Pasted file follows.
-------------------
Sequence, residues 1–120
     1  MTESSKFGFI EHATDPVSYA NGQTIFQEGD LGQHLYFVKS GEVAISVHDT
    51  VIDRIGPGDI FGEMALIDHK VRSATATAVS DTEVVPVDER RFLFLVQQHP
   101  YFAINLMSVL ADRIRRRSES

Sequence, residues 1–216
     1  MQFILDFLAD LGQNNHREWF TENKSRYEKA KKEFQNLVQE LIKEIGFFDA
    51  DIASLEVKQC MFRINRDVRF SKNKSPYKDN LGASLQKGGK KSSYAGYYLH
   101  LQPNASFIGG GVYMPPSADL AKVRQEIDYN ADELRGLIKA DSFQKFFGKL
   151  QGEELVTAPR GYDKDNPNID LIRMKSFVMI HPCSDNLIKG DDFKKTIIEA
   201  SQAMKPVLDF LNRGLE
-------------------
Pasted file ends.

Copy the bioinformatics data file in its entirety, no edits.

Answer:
Sequence, residues 1–120
     1  MTESSKFGFI EHATDPVSYA NGQTIFQEGD LGQHLYFVKS GEVAISVHDT
    51  VIDRIGPGDI FGEMALIDHK VRSATATAVS DTEVVPVDER RFLFLVQQHP
   101  YFAINLMSVL ADRIRRRSES

Sequence, residues 1–216
     1  MQFILDFLAD LGQNNHREWF TENKSRYEKA KKEFQNLVQE LIKEIGFFDA
    51  DIASLEVKQC MFRINRDVRF SKNKSPYKDN LGASLQKGGK KSSYAGYYLH
   101  LQPNASFIGG GVYMPPSADL AKVRQEIDYN ADELRGLIKA DSFQKFFGKL
   151  QGEELVTAPR GYDKDNPNID LIRMKSFVMI HPCSDNLIKG DDFKKTIIEA
   201  SQAMKPVLDF LNRGLE